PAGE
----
October 31, 2013
Since driving the 2014 Corvette Stingray across country, I'm fiending rear-drive manual gearbox love these days, and that combination is unfortunately rare in our fleet. But settling into the Miata the other night, I forgot just how freakishly compact its dimensions are. Without leaning forward in the seat, you can almost cradle the driver-side mirror in your arm like a football.
October 11, 2013
Don't let that blue light fool you. Even though it's implying the air conditioning is turned on in our 1997 Mazda MX-5 Miata project car, trust me, the system definitely isn't producing any cold air.
Which is a fine thing to find out as you're driving home ahead of a hot southern California weekend.
January 21, 2013
After living with our modded 1997 Mazda MX-5 Miata and its aftermarket seat over a weekend, I realized I left out a couple of key seatbelt-buckling tips.
I failed to mention that in order to feed the belt through the seat hole on the center tunnel side, you actually need to position your butt up on the left-side seat bolster so that your right leg is out of the way. No biggie, just not your typical seat-belting method, eh?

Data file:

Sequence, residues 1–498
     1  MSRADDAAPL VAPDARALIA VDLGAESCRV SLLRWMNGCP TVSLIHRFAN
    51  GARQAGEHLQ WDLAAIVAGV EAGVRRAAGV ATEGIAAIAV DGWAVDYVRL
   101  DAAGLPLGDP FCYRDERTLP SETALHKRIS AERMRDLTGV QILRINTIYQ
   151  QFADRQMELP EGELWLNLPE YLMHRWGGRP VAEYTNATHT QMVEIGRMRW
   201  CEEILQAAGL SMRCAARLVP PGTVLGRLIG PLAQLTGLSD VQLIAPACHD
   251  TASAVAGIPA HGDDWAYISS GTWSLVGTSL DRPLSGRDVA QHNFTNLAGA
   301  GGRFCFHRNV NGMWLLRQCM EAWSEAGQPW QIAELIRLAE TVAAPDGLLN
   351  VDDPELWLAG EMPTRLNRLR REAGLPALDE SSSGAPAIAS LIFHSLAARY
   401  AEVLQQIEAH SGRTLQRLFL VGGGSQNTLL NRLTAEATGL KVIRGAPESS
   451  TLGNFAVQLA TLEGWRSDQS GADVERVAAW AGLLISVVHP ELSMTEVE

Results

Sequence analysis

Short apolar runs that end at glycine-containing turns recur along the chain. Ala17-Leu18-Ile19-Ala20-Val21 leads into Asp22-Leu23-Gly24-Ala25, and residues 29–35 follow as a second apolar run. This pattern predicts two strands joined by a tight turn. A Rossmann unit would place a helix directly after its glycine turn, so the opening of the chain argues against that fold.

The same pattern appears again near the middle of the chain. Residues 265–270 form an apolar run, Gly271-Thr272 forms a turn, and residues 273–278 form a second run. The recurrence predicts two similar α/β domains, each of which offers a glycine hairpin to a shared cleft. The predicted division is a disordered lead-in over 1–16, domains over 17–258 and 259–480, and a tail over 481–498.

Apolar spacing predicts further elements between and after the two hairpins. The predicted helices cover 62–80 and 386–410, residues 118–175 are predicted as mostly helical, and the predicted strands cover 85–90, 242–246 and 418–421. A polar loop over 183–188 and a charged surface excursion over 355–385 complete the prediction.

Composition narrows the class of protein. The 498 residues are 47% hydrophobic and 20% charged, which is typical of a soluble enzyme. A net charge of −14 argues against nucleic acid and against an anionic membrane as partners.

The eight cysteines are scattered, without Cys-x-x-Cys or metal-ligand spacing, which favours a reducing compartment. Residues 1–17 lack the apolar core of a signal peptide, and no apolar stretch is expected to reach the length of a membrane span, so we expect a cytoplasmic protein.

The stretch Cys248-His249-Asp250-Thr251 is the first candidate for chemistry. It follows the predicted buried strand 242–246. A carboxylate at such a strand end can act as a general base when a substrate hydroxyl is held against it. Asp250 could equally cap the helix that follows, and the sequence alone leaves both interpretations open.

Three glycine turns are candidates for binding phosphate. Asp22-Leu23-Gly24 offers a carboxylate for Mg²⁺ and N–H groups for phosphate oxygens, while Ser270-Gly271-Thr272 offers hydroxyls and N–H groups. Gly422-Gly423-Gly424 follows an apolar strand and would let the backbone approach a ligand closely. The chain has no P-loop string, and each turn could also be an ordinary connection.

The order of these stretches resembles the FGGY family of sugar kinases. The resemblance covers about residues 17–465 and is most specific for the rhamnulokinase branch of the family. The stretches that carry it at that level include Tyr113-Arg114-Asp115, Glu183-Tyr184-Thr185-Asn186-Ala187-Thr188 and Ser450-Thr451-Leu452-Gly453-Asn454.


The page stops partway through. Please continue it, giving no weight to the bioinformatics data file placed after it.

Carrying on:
The other extremely helpful tip is to slide the seatbelt receiver back slightly, so that it's closer to vertical. This makes it a straighter shot for the belt.
One last tip. If you're hopping into the Miata at night, just don't be in any kind of a rush. I found out (when I was in a rush in a very dark parking lot) that the interior light doesn't work. Not sure why I've never noticed this before. But it made it even more of a challenge to snap the belt into place, since I couldn't see anything that was going on in the extremely tight space between that heavily-bolstered seat and the center tunnel. Plus, you can barely even squeeze a hand in there.
But you know what? After a couple of fumbling runs, I actually got reasonably good at the whole process. Even in the dark. Some might call it a nuisance. I call it part of the character of a modified car.
Mike Monticello, Road Test Editor @ 140,508 miles
January 17, 2013
Considering the level of handling our 1997 Mazda MX-5 Miata possesses, the ride quality is actually not that bad. Believe me, I'm not saying this modified car rides down the road like it's on a bed of pillows, but for a machine that pulls 1.03g around the skidpad and 71.8 mph through the slalom, yeah, I'll put up with above average stiffness and some harshness over small bumps.